NGU's Missionaries-In-Residence open doors in an area becoming closed to the Gospel

Abbi Webb, Assistant Editor 

Two missionaries, present at the North Greenville missions conference, have witnessed God open up the hearts of young believers and non-believers in an area that is becoming more closed to hearing the Gospel.

On Tuesday, Sept. 9, missionaries-in-residence, James and Hannah, spoke to a group of North Greenville University students about their mission work in a Central Asian region where, because of the increase in Muslims, Christians are being driven out and the Word of God is becoming more hostile. 

The couple has asked that their last names be kept confidential so that no danger may come to them, their family, or their team as they continue to witness in a region where Christians are becoming less welcomed.

James and Hannah look like two normal middle-aged Americans, but the work they do is considered extraordinary. The couple is working as Christian evangelists in a large, primarily Muslim, region. It is expected that this region will be a majority Muslim country by 2050, James said. This country was once very accepting to Christian missionaries, but has recently become very intentional in keeping them out. 

"We live in a very Muslim area that is very focused on peace and status quo," James said. "It is a very post-modern society, where they believe that different paths lead to the same God. Missionary Visas are very restricted and in most areas there is no talking with Muslims allowed," James added.  ; Photo Source: International Mission Board - SBC ; Photo Source: International Mission Board - SBC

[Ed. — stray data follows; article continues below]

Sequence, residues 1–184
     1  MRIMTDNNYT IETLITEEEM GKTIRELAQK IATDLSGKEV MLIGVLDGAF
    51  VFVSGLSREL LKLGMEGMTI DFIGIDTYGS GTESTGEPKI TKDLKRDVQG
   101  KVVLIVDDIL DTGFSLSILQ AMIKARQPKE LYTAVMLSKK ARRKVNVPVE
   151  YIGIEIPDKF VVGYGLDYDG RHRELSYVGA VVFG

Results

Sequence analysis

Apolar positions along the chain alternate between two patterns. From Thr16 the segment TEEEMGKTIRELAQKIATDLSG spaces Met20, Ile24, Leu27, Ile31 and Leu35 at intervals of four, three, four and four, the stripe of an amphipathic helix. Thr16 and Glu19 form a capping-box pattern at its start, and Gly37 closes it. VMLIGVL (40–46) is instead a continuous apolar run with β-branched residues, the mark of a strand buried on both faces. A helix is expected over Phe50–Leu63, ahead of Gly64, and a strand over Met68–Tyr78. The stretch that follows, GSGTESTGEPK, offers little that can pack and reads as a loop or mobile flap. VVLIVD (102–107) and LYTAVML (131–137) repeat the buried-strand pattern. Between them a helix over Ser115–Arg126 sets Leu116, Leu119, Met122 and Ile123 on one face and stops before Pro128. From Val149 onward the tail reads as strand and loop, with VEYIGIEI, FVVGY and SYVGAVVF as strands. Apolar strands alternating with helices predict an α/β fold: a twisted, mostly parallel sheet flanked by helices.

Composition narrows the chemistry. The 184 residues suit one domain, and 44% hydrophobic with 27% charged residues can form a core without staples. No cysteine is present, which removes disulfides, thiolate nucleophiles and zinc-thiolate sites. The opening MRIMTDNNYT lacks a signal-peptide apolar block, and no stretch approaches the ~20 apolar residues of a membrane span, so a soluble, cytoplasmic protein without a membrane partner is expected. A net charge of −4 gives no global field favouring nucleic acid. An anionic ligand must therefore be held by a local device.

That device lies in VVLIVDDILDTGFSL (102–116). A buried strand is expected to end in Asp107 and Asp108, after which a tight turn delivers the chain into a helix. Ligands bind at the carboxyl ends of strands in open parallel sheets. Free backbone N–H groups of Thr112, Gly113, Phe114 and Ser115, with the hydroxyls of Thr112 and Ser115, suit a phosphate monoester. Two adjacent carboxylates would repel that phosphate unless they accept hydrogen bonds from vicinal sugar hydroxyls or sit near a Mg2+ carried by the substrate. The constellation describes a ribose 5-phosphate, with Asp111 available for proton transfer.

Restricting missionary visas is becoming more common among the nations. Mauritania, Libya, and Kuwai have completely stopped granting them according to an article in "Missions Frontiers." In the same article, Greg Livingstone said, "Getting locked out of the house means checking other means of entry…. It is not enough simply to get a job overseas and hope to have a witness. To accomplish Gods purposes, we must be disciple makers who are determined to become insiders by learning the language and serving the people by whatever means is most conducive to meeting their needs and sharing Christ."

James and Hannah are doing just that. James works in Central Asia as an English teacher and  Hannah has a goal to always have one believer and one non-believer that she is investing in. The couple spends countless hours learning two new languages that are spoken in that region. 

"You're always two seconds away from looking like an idiot," James said referring to the struggles of learning two new languages in Central Asia. 

James and Hannah shared stories of young believers and non-believers that God has brought into their lives. 

Hannah said, "God is continually putting people in our path." 

One of those people was a 28-year-old Muslim woman who invited Hannah into her home. This woman had a child named after one of the prophets in the Bible, Joseph, but because she had never heard the story of Joseph, Hannah saw an opportunity to share it with her through a children's Bible book in her language.

Another young believer came from a people group where there were only 50 believers. For three years, this young girl hid her faith from her non-believing family in fear of persecution. After she shared with her family her belief in Jesus Christ, her brothers threatened to kill her. Other Christians helped her escape and she found a safe haven in the city where James and Hannah are working. 

"She's blossomed, she's filled with the Holy Spirit, she loves The Word, and she's not afraid," said Hannah. 

Eventually, this young girl's sister became a believer as well.

Abigail Tinkler, a sophomore at North Greenville University, said she considered herself another young believer whose heart was opened through James and Hannah's obedience to God's calling.

"James and Hannah's speech gave me more of an insight into the real life of a missionary," said Tinkler. "Sharing the Gospel is not always easy, but it's rewarding."